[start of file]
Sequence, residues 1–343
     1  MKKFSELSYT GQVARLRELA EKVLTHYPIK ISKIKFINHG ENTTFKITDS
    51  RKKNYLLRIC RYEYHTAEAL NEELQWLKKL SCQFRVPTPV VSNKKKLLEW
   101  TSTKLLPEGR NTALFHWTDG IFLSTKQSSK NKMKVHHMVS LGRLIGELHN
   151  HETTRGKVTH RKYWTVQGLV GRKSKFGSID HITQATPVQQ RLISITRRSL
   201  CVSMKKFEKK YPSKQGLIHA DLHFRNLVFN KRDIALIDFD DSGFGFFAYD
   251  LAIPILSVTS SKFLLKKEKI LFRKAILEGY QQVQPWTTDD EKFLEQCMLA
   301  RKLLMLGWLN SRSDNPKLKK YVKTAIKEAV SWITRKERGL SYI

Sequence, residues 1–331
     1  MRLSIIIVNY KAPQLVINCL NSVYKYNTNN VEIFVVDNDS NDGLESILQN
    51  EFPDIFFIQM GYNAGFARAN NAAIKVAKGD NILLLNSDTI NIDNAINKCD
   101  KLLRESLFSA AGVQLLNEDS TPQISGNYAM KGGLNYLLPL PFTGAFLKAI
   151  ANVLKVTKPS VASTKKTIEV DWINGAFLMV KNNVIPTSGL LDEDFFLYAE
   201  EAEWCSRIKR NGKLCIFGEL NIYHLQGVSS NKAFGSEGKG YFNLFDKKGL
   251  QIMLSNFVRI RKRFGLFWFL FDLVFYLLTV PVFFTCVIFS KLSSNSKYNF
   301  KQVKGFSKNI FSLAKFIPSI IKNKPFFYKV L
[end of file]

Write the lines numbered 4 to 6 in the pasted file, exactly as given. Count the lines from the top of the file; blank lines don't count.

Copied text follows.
   101  TSTKLLPEGR NTALFHWTDG IFLSTKQSSK NKMKVHHMVS LGRLIGELHN
   151  HETTRGKVTH RKYWTVQGLV GRKSKFGSID HITQATPVQQ RLISITRRSL
   201  CVSMKKFEKK YPSKQGLIHA DLHFRNLVFN KRDIALIDFD DSGFGFFAYD